Wednesday, May 09, 2007

Reconsiderations of Jane Jacobs lead inevitably to Atlantic Yards musings

In the midst of the Robert Moses revisionism, let's not forget the master builder's philosophical antagonist, Jane Jacobs. In February, City Planning Commission Chairperson Amanda Burden famously assured listeners that we now "plan from the ground up" and follow the principles of Jane Jacobs.

However, Burden had to explain her support for the not-so-ground-up Atlantic Yards, asserting , as if channeling Moses, "We’re a big city and we need big projects."

A few weeks later, Burden got an implicit comeuppance. Jacobs’ name is invoked “in some of the most erroneous situations,” Roberta Brandes Gratz, founder of the Center for the Living City at Purchase College, told the audience at a 3/7/07 symposium, Interpreting and Misinterpreting Jane Jacobs, at the Museum of the City of New York.

And, as the panel discussion continued, it inevitably focused on Atlantic Yards, the city's poster child for controversy over planning.

Misreading Jacobs

Gratz reminded listeners that Jacobs did not aim to impose her Greenwich Village street and neighborhood plan on others, just to remind them that cities must be understood via their components.

Yes, she said, Jacobs “abhorred big plans that wiped out viable communities and disrupted the urban fabric,” but also believed in thinking big when it came to schools, hospitals, libraries, and transit. Jacobs didn’t oppose change, just cataclysmic change, she said, and Jacobs does not need any revisionism.

Architecture professor Michael Sorkin, who invited Jacobs to New York City four years ago for the inaugural Lewis Mumford lecture, discussed how Jacobs is invoked more than followed. She’s “the patron saint of New Urbanism, which on one level she’d hate,” he asserted. (Here's the Congress for a New Urbanism and (update) a response from John Massengale.)

Burden’s Department of City Planning, he added, “is constantly identifying with Jane Jacobs as it proceeds to work in the style of Moses.” And the federal Department of Housing and Urban Development’s smaller-scale replacement for housing projects, Hope VI, is sterile, he contended.

Superblocks & AY

Still, Sorkin allowed for some complexity. While Stuyvesant Town, built during the Moses era, required the condemnation of thousands of dwellings and for years barred blacks, it has since been embraced and “was a very successful project by the end of the day.”

He even suggested we rethink superblocks. “New York City can tolerate a certain number of exceptions,” he said, citing Stuyvesant Town and the Penn South cooperatives. “Maybe we are misguided at attacking Atlantic Yards because of superblocks,” he added. (Here's criticism about AY superblocks from BrooklynSpeaks.)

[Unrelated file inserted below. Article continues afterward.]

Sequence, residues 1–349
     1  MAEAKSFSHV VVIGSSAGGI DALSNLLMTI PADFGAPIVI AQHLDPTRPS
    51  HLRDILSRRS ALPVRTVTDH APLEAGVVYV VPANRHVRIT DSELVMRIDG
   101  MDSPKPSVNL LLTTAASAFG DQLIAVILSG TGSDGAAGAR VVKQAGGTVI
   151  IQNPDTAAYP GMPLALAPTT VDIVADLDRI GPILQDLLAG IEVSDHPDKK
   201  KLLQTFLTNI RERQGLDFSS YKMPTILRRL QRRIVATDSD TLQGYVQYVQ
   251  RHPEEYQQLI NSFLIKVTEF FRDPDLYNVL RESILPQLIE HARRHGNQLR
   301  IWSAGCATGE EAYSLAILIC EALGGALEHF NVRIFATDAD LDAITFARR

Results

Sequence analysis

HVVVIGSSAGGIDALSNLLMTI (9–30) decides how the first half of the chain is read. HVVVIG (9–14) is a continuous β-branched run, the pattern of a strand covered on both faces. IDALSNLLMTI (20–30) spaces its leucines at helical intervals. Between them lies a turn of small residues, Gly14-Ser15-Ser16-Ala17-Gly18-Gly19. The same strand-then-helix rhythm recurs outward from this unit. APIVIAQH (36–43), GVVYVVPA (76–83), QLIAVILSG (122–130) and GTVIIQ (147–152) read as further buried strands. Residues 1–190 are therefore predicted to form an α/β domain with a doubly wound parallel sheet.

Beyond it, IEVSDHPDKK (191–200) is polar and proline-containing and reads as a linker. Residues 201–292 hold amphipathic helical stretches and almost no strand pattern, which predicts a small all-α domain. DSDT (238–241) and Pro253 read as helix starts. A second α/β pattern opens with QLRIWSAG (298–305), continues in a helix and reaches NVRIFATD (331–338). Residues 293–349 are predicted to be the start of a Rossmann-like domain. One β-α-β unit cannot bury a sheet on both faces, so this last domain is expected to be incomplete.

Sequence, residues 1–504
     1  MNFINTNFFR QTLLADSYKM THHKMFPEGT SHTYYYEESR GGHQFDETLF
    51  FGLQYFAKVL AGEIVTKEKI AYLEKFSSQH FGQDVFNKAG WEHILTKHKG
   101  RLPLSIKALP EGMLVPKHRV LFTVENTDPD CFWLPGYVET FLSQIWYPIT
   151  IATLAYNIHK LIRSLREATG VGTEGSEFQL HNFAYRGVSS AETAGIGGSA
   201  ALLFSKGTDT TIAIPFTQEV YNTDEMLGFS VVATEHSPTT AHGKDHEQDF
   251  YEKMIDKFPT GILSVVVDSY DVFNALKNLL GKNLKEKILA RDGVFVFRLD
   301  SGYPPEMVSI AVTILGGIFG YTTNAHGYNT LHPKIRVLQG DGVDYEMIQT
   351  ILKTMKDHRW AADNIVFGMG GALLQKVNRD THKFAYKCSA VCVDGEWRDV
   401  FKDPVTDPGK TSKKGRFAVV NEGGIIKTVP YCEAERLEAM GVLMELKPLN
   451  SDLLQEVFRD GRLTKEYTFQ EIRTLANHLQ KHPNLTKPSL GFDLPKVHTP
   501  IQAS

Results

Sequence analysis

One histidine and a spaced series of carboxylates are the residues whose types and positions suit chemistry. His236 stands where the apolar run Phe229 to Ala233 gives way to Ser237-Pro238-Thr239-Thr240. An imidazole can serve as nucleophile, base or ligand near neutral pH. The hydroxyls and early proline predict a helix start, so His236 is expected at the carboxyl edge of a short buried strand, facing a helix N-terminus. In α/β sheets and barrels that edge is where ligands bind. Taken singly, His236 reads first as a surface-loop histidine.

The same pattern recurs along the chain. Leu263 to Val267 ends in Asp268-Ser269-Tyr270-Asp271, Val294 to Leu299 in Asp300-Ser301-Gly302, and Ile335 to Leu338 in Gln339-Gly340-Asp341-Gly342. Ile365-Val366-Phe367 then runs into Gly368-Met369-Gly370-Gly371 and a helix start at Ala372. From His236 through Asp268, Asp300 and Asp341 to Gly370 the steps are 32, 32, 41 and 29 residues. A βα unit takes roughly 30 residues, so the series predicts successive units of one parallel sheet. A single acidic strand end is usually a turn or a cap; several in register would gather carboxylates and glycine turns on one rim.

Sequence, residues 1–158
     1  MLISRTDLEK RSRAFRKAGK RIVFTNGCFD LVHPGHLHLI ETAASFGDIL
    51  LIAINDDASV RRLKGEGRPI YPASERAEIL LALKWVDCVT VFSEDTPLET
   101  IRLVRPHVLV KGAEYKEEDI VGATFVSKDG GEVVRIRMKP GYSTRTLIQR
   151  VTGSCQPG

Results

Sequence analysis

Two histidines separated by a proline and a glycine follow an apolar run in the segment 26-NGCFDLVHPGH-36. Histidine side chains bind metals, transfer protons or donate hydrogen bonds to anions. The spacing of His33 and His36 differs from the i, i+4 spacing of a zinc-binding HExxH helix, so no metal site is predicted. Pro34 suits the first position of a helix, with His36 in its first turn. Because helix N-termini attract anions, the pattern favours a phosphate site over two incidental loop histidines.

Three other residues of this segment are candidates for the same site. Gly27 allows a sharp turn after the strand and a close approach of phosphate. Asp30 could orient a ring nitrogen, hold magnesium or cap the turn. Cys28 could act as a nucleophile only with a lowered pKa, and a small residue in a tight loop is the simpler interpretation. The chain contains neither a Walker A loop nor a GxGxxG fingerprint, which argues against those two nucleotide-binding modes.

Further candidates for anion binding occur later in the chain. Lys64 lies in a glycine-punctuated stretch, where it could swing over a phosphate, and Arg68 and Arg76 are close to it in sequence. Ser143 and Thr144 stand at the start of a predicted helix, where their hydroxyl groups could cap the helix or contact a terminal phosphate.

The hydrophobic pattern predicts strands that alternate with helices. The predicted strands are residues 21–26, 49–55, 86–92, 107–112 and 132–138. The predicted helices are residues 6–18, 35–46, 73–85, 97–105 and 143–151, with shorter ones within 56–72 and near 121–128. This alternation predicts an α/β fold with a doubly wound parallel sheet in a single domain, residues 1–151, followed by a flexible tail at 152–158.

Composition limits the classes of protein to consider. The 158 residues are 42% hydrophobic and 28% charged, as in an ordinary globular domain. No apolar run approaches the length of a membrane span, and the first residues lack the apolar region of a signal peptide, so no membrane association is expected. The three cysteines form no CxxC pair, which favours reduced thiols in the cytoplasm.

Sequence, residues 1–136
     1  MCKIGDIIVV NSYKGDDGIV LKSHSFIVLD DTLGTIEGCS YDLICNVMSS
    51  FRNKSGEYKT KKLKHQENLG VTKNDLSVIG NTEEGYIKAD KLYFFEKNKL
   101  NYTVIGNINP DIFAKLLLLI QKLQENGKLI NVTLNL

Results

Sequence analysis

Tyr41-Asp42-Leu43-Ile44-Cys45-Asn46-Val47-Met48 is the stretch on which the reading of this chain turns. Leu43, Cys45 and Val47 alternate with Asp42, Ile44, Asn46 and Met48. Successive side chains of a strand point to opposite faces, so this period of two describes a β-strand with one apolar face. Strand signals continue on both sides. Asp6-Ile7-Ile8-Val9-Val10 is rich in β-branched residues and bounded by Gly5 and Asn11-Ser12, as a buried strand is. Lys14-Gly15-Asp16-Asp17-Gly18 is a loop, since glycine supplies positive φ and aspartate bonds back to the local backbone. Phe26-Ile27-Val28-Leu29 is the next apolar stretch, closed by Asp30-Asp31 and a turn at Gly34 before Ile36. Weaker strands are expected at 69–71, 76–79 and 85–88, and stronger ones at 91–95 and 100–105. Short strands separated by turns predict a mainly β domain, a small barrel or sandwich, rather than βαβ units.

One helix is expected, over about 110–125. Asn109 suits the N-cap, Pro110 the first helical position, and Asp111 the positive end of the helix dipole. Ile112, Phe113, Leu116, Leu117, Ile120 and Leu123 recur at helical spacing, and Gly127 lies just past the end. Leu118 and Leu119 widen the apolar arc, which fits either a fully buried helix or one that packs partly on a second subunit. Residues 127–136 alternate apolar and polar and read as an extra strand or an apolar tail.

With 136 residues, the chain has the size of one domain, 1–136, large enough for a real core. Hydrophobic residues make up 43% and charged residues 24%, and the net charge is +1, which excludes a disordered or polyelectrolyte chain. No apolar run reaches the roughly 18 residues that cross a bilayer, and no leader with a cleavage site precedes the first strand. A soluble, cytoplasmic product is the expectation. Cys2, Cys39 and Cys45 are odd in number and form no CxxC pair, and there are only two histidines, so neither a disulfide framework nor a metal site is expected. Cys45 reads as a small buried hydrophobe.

Ron Shiffman, founder of the Pratt Institute Center for Community and Environmental Development, offered more than an architectural criticism of superblocks. “It means one entity controls the block, one building type,” he said. (Well, Frank Gehry is supposed to be using a mix of materials.)

“The problem is single ownership, decision-making, architect,” Shiffman continued. (Remember, Gehry has said he typically would recruit other architects to help out, but developer Bruce Ratner wouldn’t let him. Shiffman said at the recent UNITY 2007 planning session that multiple developers would finish a project much faster.)

Looking at AY

Shiffman praised Bloomberg for embarking on the ambitious PlaNYC 2030 effort, but warned that it “could be an utter disaster” if we make the mistake—and here, Atlantic Yards must’ve been his prime example--of misusing eminent domain or marketing barrier-like projects with the images of small-scale neighborhoods. (Shiffman's on the advisory board of Develop Don't Destroy Brooklyn.)

Shiffman has made similar comments since PlaNYC was issued:
Proposals for decking our rail yards need to be carefully reviewed and informed by the communities that surround them. The cost of that decking should not create housing that is unaffordable for the average New Yorker or lead to densities that are too high for the social, economic and environmental infrastructure needed to sustain them

Sorkin commented on AY, “The most singularly disgusting aspect of this is the way it circumvents democratic principles.” Bloomberg, he added, “tends to measure urban success on basis of bottom line.”

Shiffman picked that up: “We look at everything built as development instead of thinking of them in qualitative terms.”

Eminent domain

Panelist Margaret Zeidler, a developer in Toronto—the kind “we’d love to have here,” commented Gratz—pronounced herself surprised at the discussion in New York about eminent domain. Canada doesn’t have it; “we have expropriation, but only for public use,” she said, adding, “It’s surprising, we [Canadians] think of ourselves as being quite socialist.”

Asked about the Supreme Court’s 2005 Kelo eminent domain decision, Shiffman pointed out that, in the two big projects in New York, Columbia University’s expansion in Harlem and Forest City Ratner's Atlantic Yards plan, the argument is blight, not economic development, the justification for the taking in Kelo.

Blight, he said, is “in the eye of beholder.” For Atlantic Yards, it’s the Metropolitan Transportation Authority’s property--the 8.5 acre Vanderbilt Yard itself--that is in disarray, not the entire 22-acre site, he emphasized. The question of blight, as we learned in court last week, is highly contested.

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